Millennials ditching graduate jobs at big firms in favour of ...

Last Monday, I had the privilege of attending an incredible exhibition at the National Assembly of Wales’ Senedd building on graduate enterprises and the way in which universities are supporting start-ups by their students. 

Organised by Universities Wales (the body representing Welsh higher education) and sponsored by Hefin David AM, the event saw presentations from an amazing group of young people who, on leaving their university studies, had taken the plunge into setting up businesses in a range of diverse areas including web design, homeware and fashion accessories, virtual reality, mobile coffee shops and online careers advice.

Of course, the fact that universities are supporting the Welsh economy should not be a surprise given that an independent study recently showed that, through direct employment of staff, research and links with employers, they generate £5 billion of output and nearly 50,000 jobs.

But with the economy generating more new businesses, a greater imperative for the commercialisation of academic research, and young people choosing to become entrepreneurs or to work for small firms rather than seeking careers with large corporates, universities are increasingly supporting efforts to enhance their ‘third mission’ to complement the research and teaching undertake in all institutions.

In terms of new businesses emerging from the university sector, Wales performs well with the annual Higher Education Business and Community Interaction (HEBCIS) survey showing that Wales outperforms the rest of the UK on the number of graduate startups we have per capita and, more importantly, these are more likely to last three years or more than those elsewhere in the UK. Indeed, there are currently 1,635 active graduate start-ups in Wales.

In order to support its students, graduates and alumni to start-up a new business, universities offer a range of different support mechanisms including practical assistance on office space, bursaries to help with setup costs, and support in securing investment opportunities. Students and graduates also benefit from mentoring and advice from tutors, lecturers and dedicated enterprise staff who offer support on every step of the start-up journey.

For example, the University of South Wales (USW) is committed to providing students with inspirational teaching in stimulating environments to enable them to develop within a professional culture of creativity, enterprise, discovery and innovation.

In fact, USW’s vision for entrepreneurship is that all students are equipped with enterprise skills regardless of subject area. This enables them to compete effectively in a globalised and digital market and establish businesses that meet the needs of the Welsh and UK economies.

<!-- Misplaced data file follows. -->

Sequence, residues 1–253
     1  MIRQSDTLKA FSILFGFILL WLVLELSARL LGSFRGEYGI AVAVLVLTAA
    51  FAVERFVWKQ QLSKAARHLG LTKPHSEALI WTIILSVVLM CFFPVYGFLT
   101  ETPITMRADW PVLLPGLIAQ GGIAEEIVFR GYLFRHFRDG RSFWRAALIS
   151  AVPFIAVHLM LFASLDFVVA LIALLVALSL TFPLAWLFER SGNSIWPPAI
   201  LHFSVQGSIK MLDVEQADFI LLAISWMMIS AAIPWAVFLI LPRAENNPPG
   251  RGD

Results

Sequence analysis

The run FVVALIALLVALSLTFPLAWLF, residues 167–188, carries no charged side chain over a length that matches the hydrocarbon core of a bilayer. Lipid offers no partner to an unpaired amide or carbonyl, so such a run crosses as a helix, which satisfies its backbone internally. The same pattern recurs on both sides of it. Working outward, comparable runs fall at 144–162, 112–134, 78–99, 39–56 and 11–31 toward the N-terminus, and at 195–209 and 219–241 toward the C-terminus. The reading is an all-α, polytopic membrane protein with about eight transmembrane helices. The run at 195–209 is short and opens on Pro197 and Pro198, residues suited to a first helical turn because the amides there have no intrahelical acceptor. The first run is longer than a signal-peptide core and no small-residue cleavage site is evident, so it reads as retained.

To support this vision, USW is committed to developing a culture where entrepreneurship thrives and acts as a beacon of activity within the regional enterprise eco-system. Its services to support student and graduate enterprise include one-to-one mentoring sessions and business surgeries, funding of up to £1,000 through its Bright Ideas Den to test business ideas and the USW Freelancers Academy where entrepreneurial students are prepared for starting a business.

USW has also opened its new dedicated graduate incubator – the Startup Stiwdio (Stiwdio Sefydlu) which has eighteen desks, four offices and hot-desking space for up to 20 graduates. In addition, enterprise scholarships from local firms are available to cover the cost of the first six months at the incubator with all those working within the building provided with their own Apple iMac.

Of course, USW’s enterprise programmes are just one example how universities in Wales can directly help to promote greater entrepreneurship amongst their students and other institutions are also doing the same in different ways. 

Yet there is also more that can be done by other organisations to support higher education’s efforts in this area.  For example, the Welsh Government’s Business Wales support portal could have a specific graduate start-up section and the Development Bank of Wales could look to create a graduate loan scheme for new startups. 

In addition, a virtual graduate start network could be established so that the new entrepreneurs can learn from each other and support each other so that the confidence issue cited by so many young people going into business is overcome. 

Finally, a national mentoring support programme utilising experienced and successful entrepreneurs - such as those from the Wales Fast Growth 50 - could help graduates to learn quickly about some of the opportunities and pitfalls in starting and growing a new business.

Such efforts could, in complementing the support from higher education, encourage more graduates to take the plunge into the start-up world. With only 0.3 per cent of the Welsh student population currently starting a business annually, an increase to 1 per cent could see an extra thousand new firms established in Wales every year.

Given this, and with a need for a greater emphasis on home-grown businesses as we leave the European Union, those universities that are brimming with talent, creativity and innovation need to ensure that they are doing everything possible to help enterprising graduates on their first steps along an entrepreneurial journey that will hopefully end in greater wealth and prosperity for their local economies.

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